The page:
HiMy concern is that there has been case law within the last 40 years that makes it clear that a Right of Way on foot includes items that can be pushed - prams, bikes, even motor scooters if they are pushed, and a Wheelie Bin would come under that.However a large commercial bin is more doubtfulEqually the existence of planters for at least the last 38 years means that it can be argued that only items which can be wheeled around these can be used. I hope that this is of assistance
Clare, Solicitor
Category: Law
Satisfied Customers: 34906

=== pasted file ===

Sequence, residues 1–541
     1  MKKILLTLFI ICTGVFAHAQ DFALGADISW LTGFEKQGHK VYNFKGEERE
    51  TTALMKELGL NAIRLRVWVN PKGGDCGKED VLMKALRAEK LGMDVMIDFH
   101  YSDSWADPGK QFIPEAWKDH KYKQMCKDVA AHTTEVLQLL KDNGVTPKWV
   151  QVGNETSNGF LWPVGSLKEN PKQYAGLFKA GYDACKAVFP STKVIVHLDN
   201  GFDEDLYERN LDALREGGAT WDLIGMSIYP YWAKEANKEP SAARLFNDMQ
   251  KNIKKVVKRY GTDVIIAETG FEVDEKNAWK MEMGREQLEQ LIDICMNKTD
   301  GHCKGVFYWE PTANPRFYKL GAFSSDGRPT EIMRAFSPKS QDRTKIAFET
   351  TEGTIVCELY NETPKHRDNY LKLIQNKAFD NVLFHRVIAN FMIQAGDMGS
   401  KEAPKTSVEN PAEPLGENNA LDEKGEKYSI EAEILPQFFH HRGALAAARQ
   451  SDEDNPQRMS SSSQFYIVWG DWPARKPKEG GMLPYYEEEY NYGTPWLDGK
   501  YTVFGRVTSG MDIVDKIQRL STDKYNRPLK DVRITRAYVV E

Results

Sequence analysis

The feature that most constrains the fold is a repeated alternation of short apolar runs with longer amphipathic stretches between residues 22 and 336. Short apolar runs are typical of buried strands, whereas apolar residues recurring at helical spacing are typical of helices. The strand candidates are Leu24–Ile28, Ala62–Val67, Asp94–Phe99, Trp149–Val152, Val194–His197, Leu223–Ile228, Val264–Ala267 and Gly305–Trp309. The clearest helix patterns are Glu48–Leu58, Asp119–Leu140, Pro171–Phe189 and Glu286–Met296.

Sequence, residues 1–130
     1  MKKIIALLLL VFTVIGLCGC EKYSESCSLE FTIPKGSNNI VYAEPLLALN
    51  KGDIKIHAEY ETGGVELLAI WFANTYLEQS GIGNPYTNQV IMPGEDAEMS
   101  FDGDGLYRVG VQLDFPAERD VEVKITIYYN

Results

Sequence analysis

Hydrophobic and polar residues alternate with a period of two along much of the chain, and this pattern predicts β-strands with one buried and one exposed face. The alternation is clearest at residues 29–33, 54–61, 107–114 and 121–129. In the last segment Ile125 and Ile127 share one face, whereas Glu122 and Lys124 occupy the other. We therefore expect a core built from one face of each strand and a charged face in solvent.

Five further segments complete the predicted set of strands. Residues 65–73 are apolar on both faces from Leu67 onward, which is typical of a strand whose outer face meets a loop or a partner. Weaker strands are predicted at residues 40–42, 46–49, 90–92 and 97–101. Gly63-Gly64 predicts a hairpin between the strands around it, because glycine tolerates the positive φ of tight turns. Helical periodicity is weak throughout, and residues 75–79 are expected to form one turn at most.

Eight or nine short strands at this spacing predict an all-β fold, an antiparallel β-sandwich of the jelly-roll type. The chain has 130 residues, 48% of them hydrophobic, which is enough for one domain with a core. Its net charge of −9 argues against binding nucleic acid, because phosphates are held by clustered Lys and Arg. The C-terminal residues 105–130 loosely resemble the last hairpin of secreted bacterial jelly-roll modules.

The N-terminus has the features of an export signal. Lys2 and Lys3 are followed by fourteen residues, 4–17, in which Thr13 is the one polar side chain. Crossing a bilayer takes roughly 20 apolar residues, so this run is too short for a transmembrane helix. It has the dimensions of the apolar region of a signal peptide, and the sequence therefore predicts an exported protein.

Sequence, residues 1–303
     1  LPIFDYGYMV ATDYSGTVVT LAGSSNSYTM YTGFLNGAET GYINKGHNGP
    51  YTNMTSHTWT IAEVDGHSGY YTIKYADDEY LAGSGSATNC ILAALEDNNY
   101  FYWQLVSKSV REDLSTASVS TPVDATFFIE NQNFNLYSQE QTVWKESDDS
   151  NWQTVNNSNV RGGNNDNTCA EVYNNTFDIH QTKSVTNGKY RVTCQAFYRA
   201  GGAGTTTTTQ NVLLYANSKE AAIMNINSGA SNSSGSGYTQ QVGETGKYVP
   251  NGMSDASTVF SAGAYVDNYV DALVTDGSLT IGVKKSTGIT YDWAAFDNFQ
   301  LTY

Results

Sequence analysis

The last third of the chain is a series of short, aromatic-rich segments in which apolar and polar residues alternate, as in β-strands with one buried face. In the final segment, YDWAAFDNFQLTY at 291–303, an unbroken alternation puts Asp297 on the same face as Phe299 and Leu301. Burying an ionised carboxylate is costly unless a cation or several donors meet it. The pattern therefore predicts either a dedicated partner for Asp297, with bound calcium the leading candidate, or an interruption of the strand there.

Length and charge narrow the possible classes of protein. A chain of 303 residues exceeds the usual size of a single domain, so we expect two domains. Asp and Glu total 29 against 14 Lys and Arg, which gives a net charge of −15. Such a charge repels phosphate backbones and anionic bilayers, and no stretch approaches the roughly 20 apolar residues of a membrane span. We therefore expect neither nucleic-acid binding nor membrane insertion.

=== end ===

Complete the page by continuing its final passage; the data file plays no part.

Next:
Experience: I have been a solicitor in High Street Practice since 1985 with a wide general experience.
Clare and 2 other Law Specialists are ready to help you
Customer: replied 2 years ago.
Do you think that, if I make a statement that the planters have been in place for a minimum of 38 years and that I will not remove them, the other side's solicitor is likely to advise them to accept this?